Step Five is key to the Solution Focus approach – identifying small steps for progress. If you’re at a ‘three’ now, what will get you to ‘four’ in three to six months, one notch at a time? Using further SFS workshops, focused coaching or option development sessions, you can build a ‘progress canvas’ of specific actions. With modern organisations under such pressure, it’s essential to help people identify ‘what’s in it for them’ and why they should care enough to act with discretionary effort amongst busy schedules.
At Step Six, assess the resources you need to deliver progress. Working with functions like finance, learning and development or supply chain teams, you can map what works well now and identify areas where you need help. Naturally, it will also be key to work with operational delivery leads on options that make practical sense. You may need external partners to enhance your expertise, but make sure that they can truly deliver your principal factors from Step Two.
Step Seven is where you can build, refine or re-visit your ‘communication plan’ to achieve maximum impact from your story as you progress. Whether a stand-alone version, a section in the annual accounts or a fully integrated report, you’ll already have engaged your communications team and may have an external specialist reporting partner. However, one useful extra tool might be a (trusted) customer panel of ‘beta readers’ who can critique your story. They should check whether it’s coherent, inspiring, believable and clearly serves your Step One purpose.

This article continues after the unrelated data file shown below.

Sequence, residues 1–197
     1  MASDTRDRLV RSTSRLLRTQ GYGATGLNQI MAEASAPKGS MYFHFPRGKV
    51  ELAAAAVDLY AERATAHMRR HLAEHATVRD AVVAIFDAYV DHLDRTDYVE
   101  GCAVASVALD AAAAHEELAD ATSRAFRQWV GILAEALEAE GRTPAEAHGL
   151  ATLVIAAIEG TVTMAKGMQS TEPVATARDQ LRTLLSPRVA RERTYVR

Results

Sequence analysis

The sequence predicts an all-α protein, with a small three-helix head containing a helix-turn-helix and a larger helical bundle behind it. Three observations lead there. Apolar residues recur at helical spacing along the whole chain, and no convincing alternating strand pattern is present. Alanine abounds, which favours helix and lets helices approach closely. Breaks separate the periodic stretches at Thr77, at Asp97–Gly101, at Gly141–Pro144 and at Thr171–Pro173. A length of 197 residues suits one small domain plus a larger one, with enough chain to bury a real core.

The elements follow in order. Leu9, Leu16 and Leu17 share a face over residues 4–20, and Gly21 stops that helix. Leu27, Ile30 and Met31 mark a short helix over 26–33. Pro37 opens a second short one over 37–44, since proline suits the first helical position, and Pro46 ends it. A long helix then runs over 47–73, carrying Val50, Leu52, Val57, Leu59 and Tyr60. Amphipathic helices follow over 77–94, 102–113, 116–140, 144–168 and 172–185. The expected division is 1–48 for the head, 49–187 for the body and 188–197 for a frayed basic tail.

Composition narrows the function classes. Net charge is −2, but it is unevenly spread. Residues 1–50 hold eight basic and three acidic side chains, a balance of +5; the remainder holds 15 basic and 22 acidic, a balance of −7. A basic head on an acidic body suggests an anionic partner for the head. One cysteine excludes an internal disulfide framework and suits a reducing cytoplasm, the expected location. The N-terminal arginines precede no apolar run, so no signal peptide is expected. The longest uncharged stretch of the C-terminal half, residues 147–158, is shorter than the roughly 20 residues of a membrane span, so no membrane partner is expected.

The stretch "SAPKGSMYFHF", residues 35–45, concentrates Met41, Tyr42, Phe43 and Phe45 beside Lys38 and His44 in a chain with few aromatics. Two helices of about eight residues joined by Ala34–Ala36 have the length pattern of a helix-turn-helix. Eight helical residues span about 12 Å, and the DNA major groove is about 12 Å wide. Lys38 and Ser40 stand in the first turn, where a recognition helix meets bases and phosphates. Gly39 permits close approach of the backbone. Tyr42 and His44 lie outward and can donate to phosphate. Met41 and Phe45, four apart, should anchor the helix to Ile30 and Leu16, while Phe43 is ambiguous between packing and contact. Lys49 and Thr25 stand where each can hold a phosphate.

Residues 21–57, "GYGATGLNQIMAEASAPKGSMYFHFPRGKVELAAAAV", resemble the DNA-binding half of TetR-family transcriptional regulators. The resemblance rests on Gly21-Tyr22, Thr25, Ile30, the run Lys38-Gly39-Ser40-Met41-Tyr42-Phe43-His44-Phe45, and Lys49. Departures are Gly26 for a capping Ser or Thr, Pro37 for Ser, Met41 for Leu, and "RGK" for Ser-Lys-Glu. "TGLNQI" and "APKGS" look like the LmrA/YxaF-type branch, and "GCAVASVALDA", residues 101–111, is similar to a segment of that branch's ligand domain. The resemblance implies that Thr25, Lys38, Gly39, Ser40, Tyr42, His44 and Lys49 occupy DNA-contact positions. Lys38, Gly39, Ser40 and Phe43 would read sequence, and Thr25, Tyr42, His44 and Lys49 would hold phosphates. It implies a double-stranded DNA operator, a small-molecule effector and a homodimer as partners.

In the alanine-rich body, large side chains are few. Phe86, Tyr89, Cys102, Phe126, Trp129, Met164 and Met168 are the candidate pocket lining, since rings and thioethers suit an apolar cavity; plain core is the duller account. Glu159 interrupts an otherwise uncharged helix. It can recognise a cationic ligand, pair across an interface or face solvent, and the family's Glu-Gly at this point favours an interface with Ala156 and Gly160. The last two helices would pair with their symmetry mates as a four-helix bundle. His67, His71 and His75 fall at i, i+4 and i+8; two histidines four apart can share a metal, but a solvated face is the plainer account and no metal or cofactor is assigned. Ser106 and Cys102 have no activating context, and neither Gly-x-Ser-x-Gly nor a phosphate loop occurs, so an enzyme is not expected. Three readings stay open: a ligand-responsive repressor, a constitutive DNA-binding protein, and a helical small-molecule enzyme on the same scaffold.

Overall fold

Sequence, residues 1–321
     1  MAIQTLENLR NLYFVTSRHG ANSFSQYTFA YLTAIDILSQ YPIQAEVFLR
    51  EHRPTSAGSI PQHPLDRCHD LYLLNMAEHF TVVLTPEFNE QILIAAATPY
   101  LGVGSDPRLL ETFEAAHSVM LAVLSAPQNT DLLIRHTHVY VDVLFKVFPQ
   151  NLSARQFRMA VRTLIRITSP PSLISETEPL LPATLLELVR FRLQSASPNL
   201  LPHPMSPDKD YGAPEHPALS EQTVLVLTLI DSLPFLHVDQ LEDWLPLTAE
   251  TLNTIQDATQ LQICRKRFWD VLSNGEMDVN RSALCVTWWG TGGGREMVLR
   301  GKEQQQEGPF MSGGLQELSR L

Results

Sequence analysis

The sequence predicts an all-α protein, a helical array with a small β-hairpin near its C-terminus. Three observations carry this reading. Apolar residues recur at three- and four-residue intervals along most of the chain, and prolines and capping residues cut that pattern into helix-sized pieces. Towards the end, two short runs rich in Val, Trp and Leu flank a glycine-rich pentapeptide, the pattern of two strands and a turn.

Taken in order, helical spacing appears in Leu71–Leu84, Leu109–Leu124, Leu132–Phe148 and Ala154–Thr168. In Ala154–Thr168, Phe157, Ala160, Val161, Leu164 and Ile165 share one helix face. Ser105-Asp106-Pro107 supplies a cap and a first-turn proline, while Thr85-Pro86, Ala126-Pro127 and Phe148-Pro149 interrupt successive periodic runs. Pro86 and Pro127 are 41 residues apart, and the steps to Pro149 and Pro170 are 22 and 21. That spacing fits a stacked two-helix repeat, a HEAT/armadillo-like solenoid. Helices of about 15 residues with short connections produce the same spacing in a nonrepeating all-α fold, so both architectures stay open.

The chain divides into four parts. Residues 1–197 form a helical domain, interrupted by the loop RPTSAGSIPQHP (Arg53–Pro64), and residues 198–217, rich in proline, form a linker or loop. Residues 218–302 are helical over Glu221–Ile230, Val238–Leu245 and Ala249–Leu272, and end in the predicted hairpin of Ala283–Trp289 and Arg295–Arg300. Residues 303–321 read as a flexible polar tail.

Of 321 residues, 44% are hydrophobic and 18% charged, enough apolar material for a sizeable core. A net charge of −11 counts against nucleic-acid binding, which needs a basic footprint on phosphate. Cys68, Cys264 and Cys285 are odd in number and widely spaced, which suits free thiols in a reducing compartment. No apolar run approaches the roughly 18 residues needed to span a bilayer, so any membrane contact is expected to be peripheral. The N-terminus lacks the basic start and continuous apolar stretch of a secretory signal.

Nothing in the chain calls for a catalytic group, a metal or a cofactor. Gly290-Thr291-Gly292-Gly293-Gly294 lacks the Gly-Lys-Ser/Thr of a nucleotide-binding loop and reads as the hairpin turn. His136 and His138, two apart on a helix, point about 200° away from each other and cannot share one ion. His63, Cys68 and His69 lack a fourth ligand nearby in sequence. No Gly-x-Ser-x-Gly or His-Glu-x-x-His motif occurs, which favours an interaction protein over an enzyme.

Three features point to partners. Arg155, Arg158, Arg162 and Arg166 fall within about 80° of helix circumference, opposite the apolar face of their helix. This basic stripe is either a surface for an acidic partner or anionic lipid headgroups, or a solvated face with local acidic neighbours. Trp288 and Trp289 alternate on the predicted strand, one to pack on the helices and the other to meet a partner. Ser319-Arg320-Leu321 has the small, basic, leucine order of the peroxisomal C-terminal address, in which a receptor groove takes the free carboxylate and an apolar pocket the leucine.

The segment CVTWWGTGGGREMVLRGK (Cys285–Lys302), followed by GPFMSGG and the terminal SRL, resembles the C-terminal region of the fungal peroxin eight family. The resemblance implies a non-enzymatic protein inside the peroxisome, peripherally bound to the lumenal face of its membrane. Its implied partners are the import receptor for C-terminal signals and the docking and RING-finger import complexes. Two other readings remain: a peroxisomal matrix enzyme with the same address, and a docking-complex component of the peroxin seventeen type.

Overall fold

Sustainability is rising fast, reflecting consumer recognition of human impacts and going well beyond ‘green’ campaigning. It’s an unprecedented opportunity to gain competitive advantage, increase people engagement and (whisper it) do more of the right things. Ultimately, we are all linked by a shared tomorrow, with customers, investors, government and the public pressing companies to prove how they’re making it a better one. Hopefully, these SFS Seven Steps offer you useful fresh thinking to shape a roadmap towards clear, actionable targets and a more responsible and inspiring growth business. If you want to read a little more detail, you can also download a free PDF at this link.